Twitter has inspired a bunch of micro-communication related articles. Big whoop you say? Well dig on this article that discusses 160/140 character epistles of yesteryear.
And ANOTHER article that attempts to validate social media’s place in high-culture discusses the similarities of John Quincy Adams short diary entries to microblogging:
I found this article in the Commercial Appeal. I still read a hard copy paper here and there – I like how the ink gives me “I change my own oil” hands.
When I googled the article to find a link to share I found tons and tons of articles about how Adam’s actual diary is going to be tweeted or twitted (I always think of Roald Dahl when I write that) starting today thanks to the Massachusetts Historical Society.
I do love an old fashioned daily-record diary. I am still thinking about a few entries by some frontier women on our recent trip to the Autry Museum and some of the great examples used in The Worst Hard Time. I love how, in contrast to our modern angsty-internal-exposure style writing, diaries used to list the facts: made wheat bread, cleaned gun, Jeb came for dinner. (Although now that I think about it – when this information comes in the form of a Facebook update it is quite annoying – what is the dif?)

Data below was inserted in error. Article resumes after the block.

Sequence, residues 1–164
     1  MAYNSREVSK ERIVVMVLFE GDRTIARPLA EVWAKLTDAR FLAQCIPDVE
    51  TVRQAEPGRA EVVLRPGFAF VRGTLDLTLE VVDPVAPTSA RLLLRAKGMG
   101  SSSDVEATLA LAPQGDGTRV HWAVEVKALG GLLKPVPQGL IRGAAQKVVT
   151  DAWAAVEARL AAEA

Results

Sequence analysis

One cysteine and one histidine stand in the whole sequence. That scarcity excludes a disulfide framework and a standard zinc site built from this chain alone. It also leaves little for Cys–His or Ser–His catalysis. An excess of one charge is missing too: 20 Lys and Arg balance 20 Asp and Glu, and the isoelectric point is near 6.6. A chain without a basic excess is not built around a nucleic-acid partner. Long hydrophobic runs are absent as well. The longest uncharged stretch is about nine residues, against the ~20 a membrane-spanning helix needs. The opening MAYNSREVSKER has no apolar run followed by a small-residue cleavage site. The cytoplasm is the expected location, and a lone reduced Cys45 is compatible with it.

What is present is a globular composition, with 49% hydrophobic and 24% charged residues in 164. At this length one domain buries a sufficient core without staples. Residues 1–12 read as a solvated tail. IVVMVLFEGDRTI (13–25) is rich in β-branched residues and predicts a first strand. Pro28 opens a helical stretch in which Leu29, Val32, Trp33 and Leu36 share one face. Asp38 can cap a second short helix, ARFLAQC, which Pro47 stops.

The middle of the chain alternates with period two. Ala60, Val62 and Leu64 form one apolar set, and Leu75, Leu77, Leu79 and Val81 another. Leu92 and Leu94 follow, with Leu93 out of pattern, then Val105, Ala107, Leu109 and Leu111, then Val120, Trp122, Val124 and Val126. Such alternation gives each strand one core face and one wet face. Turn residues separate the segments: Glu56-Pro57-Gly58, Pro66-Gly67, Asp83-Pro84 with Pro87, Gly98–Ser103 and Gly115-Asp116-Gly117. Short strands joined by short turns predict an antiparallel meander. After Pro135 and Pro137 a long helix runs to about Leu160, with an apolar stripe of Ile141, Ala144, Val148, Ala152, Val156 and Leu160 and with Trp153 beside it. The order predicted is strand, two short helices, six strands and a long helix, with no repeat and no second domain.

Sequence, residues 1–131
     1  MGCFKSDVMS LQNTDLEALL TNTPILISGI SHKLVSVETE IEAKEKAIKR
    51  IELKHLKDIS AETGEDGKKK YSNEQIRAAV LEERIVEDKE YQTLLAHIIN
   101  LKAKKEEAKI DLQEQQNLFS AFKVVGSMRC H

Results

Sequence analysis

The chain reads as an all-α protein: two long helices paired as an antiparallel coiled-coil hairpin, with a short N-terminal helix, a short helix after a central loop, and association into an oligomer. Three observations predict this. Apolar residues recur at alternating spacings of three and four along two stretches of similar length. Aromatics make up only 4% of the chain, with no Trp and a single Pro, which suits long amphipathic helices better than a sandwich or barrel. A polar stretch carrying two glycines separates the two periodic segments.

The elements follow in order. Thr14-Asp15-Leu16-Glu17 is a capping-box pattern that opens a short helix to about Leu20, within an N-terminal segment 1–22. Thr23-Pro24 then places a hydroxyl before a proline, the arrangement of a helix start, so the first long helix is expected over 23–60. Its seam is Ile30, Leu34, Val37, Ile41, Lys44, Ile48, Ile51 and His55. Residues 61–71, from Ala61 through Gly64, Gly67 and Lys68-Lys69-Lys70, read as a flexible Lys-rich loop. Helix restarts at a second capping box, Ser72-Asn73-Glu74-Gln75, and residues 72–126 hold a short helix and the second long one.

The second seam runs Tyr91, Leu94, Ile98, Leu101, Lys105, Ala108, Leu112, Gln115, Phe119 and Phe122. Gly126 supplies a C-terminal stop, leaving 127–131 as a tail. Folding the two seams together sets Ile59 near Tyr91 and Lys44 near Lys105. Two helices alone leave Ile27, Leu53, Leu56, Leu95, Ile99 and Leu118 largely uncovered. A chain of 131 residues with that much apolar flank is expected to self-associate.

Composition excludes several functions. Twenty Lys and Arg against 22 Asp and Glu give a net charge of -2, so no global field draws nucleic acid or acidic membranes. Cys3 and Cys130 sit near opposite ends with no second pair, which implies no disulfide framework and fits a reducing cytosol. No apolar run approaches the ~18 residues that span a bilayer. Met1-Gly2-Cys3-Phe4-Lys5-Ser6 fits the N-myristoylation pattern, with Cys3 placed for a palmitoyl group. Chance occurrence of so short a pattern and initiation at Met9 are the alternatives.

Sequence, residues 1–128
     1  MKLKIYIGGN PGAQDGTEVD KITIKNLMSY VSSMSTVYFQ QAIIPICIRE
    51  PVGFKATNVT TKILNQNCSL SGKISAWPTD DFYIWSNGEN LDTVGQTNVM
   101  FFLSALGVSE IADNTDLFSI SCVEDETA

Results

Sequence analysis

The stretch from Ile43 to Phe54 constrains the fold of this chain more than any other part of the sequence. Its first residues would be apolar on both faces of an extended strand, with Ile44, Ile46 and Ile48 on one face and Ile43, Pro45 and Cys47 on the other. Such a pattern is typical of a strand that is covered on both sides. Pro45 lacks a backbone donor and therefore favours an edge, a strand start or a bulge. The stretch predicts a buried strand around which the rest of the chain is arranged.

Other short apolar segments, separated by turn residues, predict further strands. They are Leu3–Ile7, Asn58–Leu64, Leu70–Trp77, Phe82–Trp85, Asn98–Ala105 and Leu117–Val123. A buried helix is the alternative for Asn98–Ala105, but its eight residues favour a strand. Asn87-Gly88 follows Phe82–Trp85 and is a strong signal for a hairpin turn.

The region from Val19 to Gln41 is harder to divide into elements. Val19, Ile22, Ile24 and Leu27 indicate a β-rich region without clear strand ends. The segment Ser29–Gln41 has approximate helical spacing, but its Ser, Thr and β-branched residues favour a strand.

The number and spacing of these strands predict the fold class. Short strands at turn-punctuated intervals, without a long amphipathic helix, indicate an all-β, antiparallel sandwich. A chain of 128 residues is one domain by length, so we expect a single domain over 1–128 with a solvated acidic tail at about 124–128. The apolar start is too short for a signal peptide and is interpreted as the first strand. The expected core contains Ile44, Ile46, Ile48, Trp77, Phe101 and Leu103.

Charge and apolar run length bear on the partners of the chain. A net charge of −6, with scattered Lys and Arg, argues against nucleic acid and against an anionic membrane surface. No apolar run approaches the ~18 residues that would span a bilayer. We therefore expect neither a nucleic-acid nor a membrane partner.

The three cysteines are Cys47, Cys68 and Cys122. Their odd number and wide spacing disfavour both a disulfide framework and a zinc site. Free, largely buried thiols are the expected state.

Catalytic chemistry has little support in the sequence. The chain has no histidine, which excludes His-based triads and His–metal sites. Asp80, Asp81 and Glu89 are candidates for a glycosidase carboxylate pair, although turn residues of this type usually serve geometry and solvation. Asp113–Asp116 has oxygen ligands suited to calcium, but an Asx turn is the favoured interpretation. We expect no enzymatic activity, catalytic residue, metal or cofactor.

My own interest in JQA’s diary is not necessarily that he would have been a twitter but that he, like me, was an eloquent weather writer:
Lastly I want to share my favorite toast that I have assimilated from the southerners thanks to Oxford American’s Best of The South Issue:
CONFUSION TO THE ENEMY Sure, the toast was originated by a crazed segregationist but Mark Winegardener argues that he uses the toast because it is too TUFF to retire and to further confuse the people that should be confused.